After that, we have a post-marketing data collection system that depends on the disease or condition; we make a contract with the government showing how many patients are receiving treatment and how diverse they are. After a certain period of time, if we can show evidence of efficacy, then we will get full approval. In principle, the system is the right one but we are still in a learning process.

 

The samples of real life evidence in regenerative medicine are very small. How do you go about building cases with such small pools of evidence?

You are right in saying that there is not a lot of evidence, but there are more than 60 projects in the new Japanese regulation system. In that sense, within one or two years, a lot of visible results will come.

 

The capacity to finance projects is important. Who is the financial muscle behind regenerative medicine in Japan?

Within Japan, there is a reluctance to fund sectors that are potentially risky. Of course, for a new industry such as regenerative medicine that is a formidable problem. To mitigate this, we have already started programs to foster venture capital investment into our industry; organizing ‘crossroad’ meetings to introduce venture capitalists from both inside Japan and abroad to our members.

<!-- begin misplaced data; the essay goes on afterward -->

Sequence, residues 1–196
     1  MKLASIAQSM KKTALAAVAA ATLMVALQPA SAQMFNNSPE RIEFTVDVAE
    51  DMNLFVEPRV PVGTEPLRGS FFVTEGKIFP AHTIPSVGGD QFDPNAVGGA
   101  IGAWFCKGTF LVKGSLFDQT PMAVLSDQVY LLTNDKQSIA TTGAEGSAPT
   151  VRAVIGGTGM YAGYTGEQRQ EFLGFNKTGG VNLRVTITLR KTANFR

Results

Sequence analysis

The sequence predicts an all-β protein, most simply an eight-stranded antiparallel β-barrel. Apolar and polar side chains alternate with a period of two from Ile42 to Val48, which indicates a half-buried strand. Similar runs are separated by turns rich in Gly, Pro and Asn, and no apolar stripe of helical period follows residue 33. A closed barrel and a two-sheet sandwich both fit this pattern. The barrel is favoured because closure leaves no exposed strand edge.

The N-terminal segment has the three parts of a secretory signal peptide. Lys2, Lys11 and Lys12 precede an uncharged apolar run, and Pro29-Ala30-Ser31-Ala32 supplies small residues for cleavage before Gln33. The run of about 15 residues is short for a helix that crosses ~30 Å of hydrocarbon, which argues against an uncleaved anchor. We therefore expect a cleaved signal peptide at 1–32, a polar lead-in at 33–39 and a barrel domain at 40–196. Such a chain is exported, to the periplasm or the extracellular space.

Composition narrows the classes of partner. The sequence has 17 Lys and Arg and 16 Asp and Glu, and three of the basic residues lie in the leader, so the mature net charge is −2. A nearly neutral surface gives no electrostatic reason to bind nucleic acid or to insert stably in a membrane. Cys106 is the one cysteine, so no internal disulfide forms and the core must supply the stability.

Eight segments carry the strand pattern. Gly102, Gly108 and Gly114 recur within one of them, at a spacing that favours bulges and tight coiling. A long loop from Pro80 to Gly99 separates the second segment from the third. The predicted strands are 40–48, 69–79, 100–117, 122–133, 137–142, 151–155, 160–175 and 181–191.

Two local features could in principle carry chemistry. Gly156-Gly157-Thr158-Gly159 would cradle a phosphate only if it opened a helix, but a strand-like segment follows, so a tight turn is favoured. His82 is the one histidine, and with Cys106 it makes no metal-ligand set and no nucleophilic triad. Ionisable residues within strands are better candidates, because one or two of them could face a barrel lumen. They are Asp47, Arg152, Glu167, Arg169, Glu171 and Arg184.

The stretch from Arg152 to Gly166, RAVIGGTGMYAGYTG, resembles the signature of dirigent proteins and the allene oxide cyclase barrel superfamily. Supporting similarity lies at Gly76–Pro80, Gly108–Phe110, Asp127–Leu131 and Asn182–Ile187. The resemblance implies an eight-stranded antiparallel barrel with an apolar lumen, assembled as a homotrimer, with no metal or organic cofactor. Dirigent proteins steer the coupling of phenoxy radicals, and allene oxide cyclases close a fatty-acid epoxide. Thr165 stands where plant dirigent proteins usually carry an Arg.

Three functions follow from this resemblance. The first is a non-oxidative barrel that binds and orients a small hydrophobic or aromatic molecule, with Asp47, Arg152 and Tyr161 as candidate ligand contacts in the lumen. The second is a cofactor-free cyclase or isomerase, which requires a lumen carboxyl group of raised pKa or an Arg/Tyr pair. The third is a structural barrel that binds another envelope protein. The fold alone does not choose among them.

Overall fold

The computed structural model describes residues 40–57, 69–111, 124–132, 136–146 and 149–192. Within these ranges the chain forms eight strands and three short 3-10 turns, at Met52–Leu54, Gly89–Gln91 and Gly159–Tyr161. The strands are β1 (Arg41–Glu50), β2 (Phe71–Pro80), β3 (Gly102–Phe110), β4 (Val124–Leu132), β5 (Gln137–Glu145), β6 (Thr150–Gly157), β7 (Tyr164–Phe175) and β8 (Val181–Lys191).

We also hope that Japan’s advanced regulatory system for regenerative medicine will act as an incentive for investment into the industry and make doing business easier.

Large Japanese enterprises like Fujifilm [where Mr. Toda is CTO and senior executive vice president – Ed.], can also supply both money and technology. This is not a simple industry, so we need the different types of technology that large enterprises are able to supply.

Furthermore, Japanese banks are also becoming interested in funding regenerative medicine.

 

Regenerative medicine, however, by its very nature, must remain local. Is there therefore another discrepancy here, between being at the forefront of innovation and having extremely local applications?

I see regenerative medicine internationalizing. Of course, in principle, it is true that regenerative medicine is a ‘locally manufactured, locally consumed’ industry. However, a cell is a living thing and bringing it into the global system, will trigger new technological development. Consequently, in that sense, I am rather optimistic.

 

There are, of course, moral and ethical issues around stem cells. What is the general Japanese view on this topic?

The view in Japan is similar to that in Europe and the US. As always with new science and new technology, people are unsure as to how it fits in the existing social system. It is just a matter of time. If people understand that the technology is profitable or meaningful for society, mindsets will change.

The economic impact of medication is extremely serious. Thus, there is not only a ‘push’ from academic results, but also a social ‘pull’ on how to solve medical problems. The existing medication paradigm is no longer valid for the current needs of society.

I do however understand the ethical issues and we must be very careful or we will miss a great opportunity.

 

For regenerative medicine to become affordable, who will the payer be in the mid-term?